Defined by the Institute of Medicine as “Providing care that is respectful of and responsive to individual patient preferences, needs, and values, and ensuring that patient values guide all clinical decisions,” patient-centred care is now regarded as a cornerstone of optimal health care. The real test that clinicians are delivering “patient centred care” is not when the patient is strong, well, educated and able to advocate for him/herself but when the patient is weak, unwell and has lost the capacity or will to consider and communicate his/her goals, values and treatment preferences. A normalised, systemised, recognised and flexible advance care planning (ACP) process is the best way to ensure that the individual patient’s goals, values and treatment preferences are considered, identified, discussed and documented by the patient (while they have the capacity and desire to do so) and then communicated to, sought by, considered and complied with by the treating clinicians when important decisions are being made.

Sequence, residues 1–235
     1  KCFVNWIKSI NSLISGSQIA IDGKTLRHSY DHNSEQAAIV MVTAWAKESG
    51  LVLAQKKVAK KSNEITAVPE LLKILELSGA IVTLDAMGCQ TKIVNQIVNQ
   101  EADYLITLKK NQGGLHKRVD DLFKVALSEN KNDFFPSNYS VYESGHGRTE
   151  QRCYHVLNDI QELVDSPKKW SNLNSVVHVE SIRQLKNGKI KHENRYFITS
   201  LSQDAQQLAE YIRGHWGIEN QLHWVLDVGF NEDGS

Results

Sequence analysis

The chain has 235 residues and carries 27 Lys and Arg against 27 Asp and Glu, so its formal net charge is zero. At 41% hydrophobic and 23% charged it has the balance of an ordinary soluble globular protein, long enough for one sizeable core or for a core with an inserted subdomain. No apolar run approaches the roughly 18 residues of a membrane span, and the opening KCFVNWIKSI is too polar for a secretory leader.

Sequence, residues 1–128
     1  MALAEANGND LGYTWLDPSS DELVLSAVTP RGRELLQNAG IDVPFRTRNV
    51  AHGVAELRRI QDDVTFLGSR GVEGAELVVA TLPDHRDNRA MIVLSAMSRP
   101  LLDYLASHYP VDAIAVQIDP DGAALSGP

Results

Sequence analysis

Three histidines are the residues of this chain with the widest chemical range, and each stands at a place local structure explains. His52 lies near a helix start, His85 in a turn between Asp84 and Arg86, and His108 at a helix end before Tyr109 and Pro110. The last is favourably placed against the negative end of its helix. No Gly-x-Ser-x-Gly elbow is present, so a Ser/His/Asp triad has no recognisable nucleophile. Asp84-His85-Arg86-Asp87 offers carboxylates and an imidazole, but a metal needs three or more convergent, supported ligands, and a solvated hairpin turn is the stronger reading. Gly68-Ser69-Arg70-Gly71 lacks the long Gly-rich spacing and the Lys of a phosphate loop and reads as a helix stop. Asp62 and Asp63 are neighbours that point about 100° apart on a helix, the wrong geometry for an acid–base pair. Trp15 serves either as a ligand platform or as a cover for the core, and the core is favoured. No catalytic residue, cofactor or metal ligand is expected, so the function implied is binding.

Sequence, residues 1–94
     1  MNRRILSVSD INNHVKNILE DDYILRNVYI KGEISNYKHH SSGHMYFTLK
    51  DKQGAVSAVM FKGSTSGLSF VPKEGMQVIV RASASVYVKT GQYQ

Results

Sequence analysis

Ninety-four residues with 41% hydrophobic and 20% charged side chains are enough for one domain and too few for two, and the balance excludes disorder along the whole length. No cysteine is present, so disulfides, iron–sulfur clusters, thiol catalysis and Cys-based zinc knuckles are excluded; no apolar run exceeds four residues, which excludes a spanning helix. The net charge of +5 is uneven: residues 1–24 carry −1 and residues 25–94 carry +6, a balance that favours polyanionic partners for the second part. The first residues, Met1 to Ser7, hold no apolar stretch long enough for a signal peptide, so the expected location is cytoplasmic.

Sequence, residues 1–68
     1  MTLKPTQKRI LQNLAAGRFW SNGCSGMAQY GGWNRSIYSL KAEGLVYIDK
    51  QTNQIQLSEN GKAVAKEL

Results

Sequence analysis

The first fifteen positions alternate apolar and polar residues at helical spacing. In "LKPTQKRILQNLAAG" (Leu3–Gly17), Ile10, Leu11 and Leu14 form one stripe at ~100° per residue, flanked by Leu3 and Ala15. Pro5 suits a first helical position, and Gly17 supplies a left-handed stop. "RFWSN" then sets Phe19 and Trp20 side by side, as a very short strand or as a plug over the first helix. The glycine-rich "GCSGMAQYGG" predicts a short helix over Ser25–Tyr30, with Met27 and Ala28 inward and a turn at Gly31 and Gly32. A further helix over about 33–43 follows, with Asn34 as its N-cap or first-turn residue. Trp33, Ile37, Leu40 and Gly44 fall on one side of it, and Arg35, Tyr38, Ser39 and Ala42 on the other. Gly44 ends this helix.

Even the act of an ACP discussion frequently highlights to the competent patient their rights, their autonomy and the existence of shared decision-making so that they are truly partners in their own care. This still applies in different cultures where the decision-making may not follow the Anglo-Saxon stereotype. Finally, the implementation of a correctly structured, holistic, systematised ACP program catalyses healthcare culture change that ensures that care is centred on the patient, not the family, not the clinician and not the organisation.
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